The game features four cases, and they feel much more worked out than those in the previous game, in that the overall background and murder feel well written out, and then the case is worked out. The general pattern is to first disprove that the defendant was at the scene of the crime, then to work backwards to find the real killer and motive for the case. Thus, there’s a more cohesive feel to the cases; information you learn early on gets used much later in the case, but events and motives do not change throughout. This also helps that you can usually figure out (as the player) what actually happened earlier in the case, and thus requiring you to work through the testimony and evidence to be able to show that to the court and achieve the not guilty verdict. The last case become very interesting, in that the murderer becomes obvious very early, but you have to make the case last as long as possible due to a hostage situation. The new characters are also very interesting, again feeling that their personalities and behavior was written out with the murder plot, then written around when creating the cases; the returning characters also gain some more personality in this sequel. while the first case is rather easy (and written to be a tutorial), the other three are all rather long with multiple court days and segments. Overall, there’s about 20-25hr of gameplay, a significant amount of time waiting for the dialog to occur, which you can’t fast forward through until you’ve seen it at least once. While it’s not immediately replayable, I would think, that as I found with the first game, that you can come back to it after some time and still have to rework through some of the cases since there are so many details to keep track of.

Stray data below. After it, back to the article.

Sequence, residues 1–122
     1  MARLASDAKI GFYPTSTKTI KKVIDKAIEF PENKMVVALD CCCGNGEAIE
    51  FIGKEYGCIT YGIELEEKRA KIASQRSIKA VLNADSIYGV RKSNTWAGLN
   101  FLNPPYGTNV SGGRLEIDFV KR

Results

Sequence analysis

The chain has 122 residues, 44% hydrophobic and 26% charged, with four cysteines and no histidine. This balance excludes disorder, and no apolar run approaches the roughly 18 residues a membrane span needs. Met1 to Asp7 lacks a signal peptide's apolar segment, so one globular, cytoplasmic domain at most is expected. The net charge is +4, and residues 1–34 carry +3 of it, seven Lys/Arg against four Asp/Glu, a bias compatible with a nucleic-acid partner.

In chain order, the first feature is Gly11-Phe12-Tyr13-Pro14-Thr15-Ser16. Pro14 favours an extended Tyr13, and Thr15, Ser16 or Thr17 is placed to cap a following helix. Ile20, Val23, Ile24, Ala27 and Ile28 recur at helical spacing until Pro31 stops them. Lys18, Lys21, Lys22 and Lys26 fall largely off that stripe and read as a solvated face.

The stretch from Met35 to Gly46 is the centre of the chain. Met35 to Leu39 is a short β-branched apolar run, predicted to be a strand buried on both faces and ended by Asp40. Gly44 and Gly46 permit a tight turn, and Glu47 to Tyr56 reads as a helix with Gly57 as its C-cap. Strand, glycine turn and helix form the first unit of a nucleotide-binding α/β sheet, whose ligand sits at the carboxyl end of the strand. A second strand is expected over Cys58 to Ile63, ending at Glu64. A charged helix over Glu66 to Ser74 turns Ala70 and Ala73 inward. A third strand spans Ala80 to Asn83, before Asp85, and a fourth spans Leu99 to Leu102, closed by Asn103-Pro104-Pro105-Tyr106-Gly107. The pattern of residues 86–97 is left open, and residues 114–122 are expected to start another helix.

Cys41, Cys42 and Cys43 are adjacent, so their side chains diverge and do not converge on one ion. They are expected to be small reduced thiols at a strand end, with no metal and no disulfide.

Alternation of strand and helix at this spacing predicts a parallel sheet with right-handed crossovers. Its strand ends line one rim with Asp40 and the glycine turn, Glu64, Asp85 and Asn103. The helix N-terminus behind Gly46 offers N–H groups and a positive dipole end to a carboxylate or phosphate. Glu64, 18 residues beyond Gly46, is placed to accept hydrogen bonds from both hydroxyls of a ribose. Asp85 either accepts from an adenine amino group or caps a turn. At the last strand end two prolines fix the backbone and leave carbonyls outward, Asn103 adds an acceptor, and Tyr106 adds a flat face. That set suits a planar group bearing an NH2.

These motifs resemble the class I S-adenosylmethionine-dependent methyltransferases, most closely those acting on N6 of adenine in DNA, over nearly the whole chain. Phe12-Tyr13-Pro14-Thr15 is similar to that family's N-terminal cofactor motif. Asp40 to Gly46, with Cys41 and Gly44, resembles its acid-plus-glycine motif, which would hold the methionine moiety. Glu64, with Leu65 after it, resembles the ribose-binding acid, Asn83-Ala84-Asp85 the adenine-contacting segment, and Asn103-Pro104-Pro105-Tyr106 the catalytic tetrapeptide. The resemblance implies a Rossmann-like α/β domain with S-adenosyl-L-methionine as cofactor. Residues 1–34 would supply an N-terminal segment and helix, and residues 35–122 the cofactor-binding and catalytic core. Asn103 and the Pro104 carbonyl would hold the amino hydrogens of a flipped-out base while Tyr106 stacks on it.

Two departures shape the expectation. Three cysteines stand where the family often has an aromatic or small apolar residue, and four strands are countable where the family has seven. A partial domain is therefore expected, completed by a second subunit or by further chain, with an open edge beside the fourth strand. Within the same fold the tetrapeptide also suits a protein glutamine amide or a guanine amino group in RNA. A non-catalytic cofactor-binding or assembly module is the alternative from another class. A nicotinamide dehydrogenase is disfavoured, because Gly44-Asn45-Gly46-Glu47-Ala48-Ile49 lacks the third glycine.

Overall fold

Note that while the game uses the DS features for examining a room as well as for working through the court record, there is no special additional uses as there was in the last game with the last case; in that situation, that case was specifically added from the original GBA port for the DS release. Justice for All is just a straight port for the second GBA game for the DS and no additional content is provided. The game has been translated and localized appropriately for American audiences as well. (I played the Japanese release which included the English translation built into it).
Graphics: A-
Audio: A-
The graphics and audio are the same from the previous game. Semi-animated cartoon figured help for dialog purposes with rather expressive looks at times. The music uses some of the old themes but adds a few more new scores to the mix.

The only major nit I have about the game is that there’s few points late in some cases where the endgame feels rushed; that is, by that point, you as the player should know the whole case from all the investigation and clues, but you still need to present a concrete case to get your client off, but the game seems to skip a few steps. For example, one case involves a murder weapon that picked up a part of the victim’s outfit. While the court eventually agrees that the weapon was the weapon used, there’s no question of what happened to the outfit, though it’s explained away by the actual murderer. Even though this would have only extended the game a few more questions, it felt like a loose end. But given how intricate some of the cases are, these small loose ends are rather ignorable in the end.
Overall: A

If you haven’t had a chance to play the first game, you may be a bit lost with some of the character interactions in Phoenix Wright – Justice for All, but the game is still playable without having this knowledge. But for those that have played the first, this game continues to expand upon the outstanding and enjoyable gameplay while still providing new, evocative cases. Unless point-and-click adventure games aren’t your thing, Justice for All is a title you’ll definitely want in your library.